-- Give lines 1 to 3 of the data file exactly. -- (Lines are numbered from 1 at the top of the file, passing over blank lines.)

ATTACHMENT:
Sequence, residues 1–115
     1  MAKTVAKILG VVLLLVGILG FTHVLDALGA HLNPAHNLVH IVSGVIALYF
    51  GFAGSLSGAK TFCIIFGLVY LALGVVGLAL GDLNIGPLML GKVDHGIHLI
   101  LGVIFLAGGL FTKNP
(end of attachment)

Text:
Sequence, residues 1–115
     1  MAKTVAKILG VVLLLVGILG FTHVLDALGA HLNPAHNLVH IVSGVIALYF
    51  GFAGSLSGAK TFCIIFGLVY LALGVVGLAL GDLNIGPLML GKVDHGIHLI